In the end, I decided to cram it all together. Read, consider, vote.
Political privacy: To explain why candidates should have privacy policies, I contacted Beth Givens, who leads the San Diego-based Privacy Rights Clearinghouse.
On a positive note, the three top candidates for governor—Jerry Brown, Tim Donnelly and Neel Kashkari—each have policies publicly displayed on their sites. As you move down the ballot, it becomes less common. Incumbent Lt. Gov. Gavin Newsom and his challenger, David Fennell, have them, as does secretary of state candidate Pete Peterson (although it's weak). An earlier draft of SOS candidate Derek Cressman's site also had one, but I couldn't find one on the current iteration. On the local level, district attorney candidate Bob Brewer and City Council candidates Sarah Boot and Mitz Lee each have privacy policies.
While something is better than nothing, a lot of those policies are boilerplate and vague. U.S. Rep. Darrell Issa's, however, really stands out as a thorough, thoughtful document that not only clearly explains what information he collects and how it's used, but also breaks down the technology itself, including cookies, third-party ads, log files and clear GIFs. Although it's a little disappointing to learn that his campaign will share certain personal information about you with "other persons or entities that share common goals or beliefs," at least Issa's honest about it. It's also nice to see that Issa covers election laws that require his campaign to make some personal information (name, employer) public.
I also used Mozilla's Lightbeam tool to examine the number of third parties you connect with when you visit a candidate's website by browsing all of the links in the San Diego County Democratic and Republican parties' endorsements. The Republican slate of candidates across 38 candidate website front pages connected me to 57 third parties; the Democratic slate of 42 sites (which in some cases was just a link to information on a government webpage), connected me to 50 third parties. These numbers varied a little each time I ran the tool, so keep in mind that this isn't wholly scientific. Nevertheless, it's still a pretty significant gap.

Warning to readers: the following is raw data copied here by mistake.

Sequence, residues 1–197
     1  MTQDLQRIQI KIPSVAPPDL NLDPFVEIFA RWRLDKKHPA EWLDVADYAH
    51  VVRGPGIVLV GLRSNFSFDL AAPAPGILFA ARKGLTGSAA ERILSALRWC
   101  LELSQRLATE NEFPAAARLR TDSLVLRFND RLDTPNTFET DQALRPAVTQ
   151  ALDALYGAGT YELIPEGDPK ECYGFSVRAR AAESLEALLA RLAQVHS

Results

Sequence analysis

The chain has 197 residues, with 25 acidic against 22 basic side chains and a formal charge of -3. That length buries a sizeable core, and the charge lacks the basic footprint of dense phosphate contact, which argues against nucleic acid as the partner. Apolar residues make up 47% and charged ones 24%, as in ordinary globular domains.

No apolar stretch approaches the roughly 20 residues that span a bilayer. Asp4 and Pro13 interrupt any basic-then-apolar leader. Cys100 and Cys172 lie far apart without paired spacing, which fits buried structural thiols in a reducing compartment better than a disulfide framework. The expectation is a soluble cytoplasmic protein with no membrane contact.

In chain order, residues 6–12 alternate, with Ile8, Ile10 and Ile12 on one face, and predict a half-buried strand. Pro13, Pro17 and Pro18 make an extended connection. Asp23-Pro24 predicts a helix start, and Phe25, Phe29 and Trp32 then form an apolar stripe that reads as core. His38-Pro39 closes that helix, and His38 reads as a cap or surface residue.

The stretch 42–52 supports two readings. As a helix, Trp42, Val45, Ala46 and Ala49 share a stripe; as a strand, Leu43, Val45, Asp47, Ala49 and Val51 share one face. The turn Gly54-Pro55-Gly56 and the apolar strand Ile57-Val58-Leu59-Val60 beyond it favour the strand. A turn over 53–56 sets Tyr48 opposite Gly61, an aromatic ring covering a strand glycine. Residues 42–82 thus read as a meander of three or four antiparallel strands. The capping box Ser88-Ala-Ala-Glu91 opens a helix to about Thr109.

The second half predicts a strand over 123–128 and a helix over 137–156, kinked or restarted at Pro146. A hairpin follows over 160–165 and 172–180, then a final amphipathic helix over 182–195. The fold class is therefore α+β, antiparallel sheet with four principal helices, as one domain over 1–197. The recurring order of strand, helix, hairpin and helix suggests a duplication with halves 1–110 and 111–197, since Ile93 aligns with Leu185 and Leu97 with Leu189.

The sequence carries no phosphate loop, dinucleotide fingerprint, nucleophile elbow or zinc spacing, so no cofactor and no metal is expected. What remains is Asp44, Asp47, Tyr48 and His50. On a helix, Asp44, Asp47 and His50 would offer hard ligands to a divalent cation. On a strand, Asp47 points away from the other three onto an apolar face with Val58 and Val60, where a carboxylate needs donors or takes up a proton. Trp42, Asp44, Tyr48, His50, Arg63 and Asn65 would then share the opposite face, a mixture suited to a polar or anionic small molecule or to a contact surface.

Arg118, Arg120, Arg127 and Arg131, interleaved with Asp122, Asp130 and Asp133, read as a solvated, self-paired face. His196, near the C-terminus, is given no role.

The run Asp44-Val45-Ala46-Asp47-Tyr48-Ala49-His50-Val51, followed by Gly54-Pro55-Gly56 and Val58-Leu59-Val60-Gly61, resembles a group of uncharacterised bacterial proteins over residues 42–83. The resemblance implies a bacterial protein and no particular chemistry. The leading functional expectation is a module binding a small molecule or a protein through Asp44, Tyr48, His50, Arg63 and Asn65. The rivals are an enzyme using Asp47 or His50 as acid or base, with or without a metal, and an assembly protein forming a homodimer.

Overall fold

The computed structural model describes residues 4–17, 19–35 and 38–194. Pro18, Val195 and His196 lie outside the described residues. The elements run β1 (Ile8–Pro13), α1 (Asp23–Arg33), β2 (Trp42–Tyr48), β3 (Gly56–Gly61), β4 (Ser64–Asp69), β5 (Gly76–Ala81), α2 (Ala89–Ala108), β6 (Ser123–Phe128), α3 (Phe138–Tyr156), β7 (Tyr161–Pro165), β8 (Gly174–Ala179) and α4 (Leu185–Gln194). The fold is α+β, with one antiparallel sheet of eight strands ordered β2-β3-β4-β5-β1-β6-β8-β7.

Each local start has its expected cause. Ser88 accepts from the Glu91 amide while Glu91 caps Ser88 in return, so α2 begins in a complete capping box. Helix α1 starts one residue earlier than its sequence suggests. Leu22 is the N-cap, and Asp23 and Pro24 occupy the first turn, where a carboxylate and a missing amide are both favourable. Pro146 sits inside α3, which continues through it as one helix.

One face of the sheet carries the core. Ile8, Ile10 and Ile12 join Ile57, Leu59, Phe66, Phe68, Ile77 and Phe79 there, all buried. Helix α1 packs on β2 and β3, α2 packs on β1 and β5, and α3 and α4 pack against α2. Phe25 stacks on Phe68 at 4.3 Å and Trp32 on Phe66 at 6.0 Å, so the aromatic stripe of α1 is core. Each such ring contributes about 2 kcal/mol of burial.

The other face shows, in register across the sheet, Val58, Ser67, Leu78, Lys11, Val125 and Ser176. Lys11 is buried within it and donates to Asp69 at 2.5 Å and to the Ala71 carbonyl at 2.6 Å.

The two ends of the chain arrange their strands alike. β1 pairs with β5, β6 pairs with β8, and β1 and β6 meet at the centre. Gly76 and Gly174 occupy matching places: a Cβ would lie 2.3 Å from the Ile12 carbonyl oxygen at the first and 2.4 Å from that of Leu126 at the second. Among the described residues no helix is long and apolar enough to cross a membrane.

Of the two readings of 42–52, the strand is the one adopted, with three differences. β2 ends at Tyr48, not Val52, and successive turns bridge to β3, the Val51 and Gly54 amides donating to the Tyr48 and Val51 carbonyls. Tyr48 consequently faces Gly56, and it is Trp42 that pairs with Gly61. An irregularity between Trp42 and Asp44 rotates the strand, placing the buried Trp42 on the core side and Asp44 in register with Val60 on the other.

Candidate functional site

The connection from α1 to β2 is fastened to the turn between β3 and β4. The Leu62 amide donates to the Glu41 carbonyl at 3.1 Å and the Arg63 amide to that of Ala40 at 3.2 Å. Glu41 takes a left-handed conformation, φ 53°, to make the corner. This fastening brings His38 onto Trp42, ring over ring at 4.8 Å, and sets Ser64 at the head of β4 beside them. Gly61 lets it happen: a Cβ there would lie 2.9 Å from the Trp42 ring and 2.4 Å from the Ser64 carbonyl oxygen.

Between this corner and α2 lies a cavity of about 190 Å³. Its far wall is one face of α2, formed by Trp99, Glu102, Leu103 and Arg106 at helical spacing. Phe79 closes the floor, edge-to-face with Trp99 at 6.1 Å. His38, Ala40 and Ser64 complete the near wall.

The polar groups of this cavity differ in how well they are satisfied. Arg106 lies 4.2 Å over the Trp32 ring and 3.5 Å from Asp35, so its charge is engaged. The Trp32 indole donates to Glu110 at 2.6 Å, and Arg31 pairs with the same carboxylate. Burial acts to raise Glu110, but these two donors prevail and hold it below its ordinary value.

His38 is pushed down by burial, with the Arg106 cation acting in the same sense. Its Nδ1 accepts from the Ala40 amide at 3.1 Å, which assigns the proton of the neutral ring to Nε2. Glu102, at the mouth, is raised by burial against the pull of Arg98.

Money in politics: The impact of campaign donations remains a hot issue, but this cycle, two candidates are exploring novel ways of leveraging money in their favor.
On May 8, the Federal Election Commission approved Bitcoin—the popular electronic crypto-currency—for political donations. Newsom was prepared and almost immediately added a "Donate Via Bitcoin" button to the very top of his website. I'm a little skeptical of how much that will actually raise, but there are quite a few techies out there sitting on small fortunes and with nowhere to spend it.
Then there's secretary of state candidate Roy Allmond, whose sole campaign advertising strategy seems to be stamping the backs of currency (from $1s to $100s) with his website URL, runroyrun.org. You can get one at the Dollar Counts store in Sacramento, where you can meet Allmond (and his star-spangled suspenders) most weeknights.
"I figure candidates spend a lot of money on flyers, and they just become waste in a landfill," Allmond says via email. "Voters are not likely to throw my 'flyer' away."
The sound of politics: My biggest props of the election cycle go to Media Arts San Diego for working with the county Registrar of Voters to record audio recitations of each and every one of the candidates' statements in five languages—English, Spanish, Filipino, Vietnamese and Chinese. They're available on Soundcloud, which means a voter can play them one after another like a podcast.
Dave Maass works for Electronic Frontier Foundation, which deals with electronic-privacy issues, although this piece is not a statement of EFF's position on this matter.